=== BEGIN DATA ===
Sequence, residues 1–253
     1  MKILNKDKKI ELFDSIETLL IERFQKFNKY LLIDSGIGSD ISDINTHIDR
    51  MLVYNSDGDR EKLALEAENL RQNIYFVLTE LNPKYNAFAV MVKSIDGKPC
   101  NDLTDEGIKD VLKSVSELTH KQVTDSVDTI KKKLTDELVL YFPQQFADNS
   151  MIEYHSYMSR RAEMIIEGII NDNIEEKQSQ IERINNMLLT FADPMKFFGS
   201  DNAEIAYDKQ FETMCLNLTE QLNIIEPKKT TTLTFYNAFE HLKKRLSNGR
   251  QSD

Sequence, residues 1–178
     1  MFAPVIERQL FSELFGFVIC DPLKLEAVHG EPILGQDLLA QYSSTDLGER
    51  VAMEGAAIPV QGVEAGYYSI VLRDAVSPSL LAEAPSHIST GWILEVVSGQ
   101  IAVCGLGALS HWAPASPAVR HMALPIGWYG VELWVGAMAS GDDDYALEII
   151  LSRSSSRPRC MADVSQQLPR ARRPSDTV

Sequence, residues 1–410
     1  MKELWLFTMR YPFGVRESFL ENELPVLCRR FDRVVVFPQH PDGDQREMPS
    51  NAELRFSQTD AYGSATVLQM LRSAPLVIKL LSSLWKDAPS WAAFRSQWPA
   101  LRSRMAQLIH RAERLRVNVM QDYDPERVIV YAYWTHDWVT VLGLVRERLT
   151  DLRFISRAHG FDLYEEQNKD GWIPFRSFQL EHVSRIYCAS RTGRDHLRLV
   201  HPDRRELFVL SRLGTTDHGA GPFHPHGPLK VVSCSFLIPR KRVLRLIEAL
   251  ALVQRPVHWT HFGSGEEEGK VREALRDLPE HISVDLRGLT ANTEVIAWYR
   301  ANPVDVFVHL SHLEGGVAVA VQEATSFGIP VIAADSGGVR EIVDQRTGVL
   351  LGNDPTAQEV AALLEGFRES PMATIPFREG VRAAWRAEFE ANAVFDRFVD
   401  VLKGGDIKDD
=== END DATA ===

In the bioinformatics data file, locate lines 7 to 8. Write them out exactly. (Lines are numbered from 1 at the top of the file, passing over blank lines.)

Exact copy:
   251  QSD

Sequence, residues 1–178